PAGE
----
Fortunately for Nikka, the Japanese military loved whisky. It had a similar status in the Imperial Navy as rum had in the British Navy.
Since the conflict made it impossible to import the drink, Japanese whisky makers were tasked with quenching the thirst of soldiers. As a result, they were given military supplier status and thus priority access to fuel, barley and other supplies necessary for whisky production.
In fact, Nikka had been making losses, but that changed in 1939 due to demand from the military.
The Rise of the Japanese Whisky Industry
Japanese whisky was initially consumed mainly by the military. Only gradually did whisky become more popular among the general population of Japan.
High-end Japanese whisky and scotch were popular among the upper class, while the less expensive products found favor among the working class.
In 1955, Torys bars and Suntory bars opened throughout Tokyo and Osaka. These bars focused on affordable whisky and resembled English pubs. They helped whisky spread to all corners of Japan and cocktails like whisky highballs became very popular.
This growth in the mid-20th century saw the rise of more new whisky producers. The legendary Karuizawa distillery began production in 1956. Miyagikyo became Nikka's second distillery in 1969.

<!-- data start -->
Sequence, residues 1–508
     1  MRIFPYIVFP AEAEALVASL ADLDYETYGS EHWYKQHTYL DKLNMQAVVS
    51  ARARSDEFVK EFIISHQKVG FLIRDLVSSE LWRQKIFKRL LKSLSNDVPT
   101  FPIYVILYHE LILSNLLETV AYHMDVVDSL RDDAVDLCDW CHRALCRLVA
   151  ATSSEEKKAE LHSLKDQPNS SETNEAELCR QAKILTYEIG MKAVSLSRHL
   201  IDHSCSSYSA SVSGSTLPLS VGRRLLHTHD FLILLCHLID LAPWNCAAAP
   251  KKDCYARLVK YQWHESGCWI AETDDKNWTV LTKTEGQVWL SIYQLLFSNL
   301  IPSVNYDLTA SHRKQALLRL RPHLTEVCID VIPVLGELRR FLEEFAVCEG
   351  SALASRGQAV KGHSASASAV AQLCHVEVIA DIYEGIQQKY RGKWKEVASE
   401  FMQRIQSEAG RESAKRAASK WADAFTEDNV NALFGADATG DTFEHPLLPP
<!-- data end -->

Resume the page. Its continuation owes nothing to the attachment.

Suntory followed four years later with the Hakushu and Chita distilleries. The Kirin beer company established Fuji Gotemba in the same year. Finally, the Mars Shinshu distillery began operations in 1985.
Japanese Whisky Industry Goes Bust
Domestic whisky consumption and sales continued to rise, peaking in the early 1980s. Toward the end of the decade, however, a bleaker picture emerged.
The Japanese government had long imposed protectionist tax rates against imported spirits. There were also calls for spirits to be taxed according to alcohol content.
These reforms also allowed for a lower tax rate on shochu - and at a time when it was becoming more popular with younger drinkers. All of these changes hurt the market for Japanese whisky. And the worst was yet to come.
Economic stagnation in Japan led to a period dubbed the "Lost 10 Years" Whisky was now derided by some as a symbol of decline.
At this time, distilleries began to close, starting with Hanyu. In 2000, they sold their remaining stock and equipment. Karuizawa distillery closed the following year and Mars Shinshu shortly after.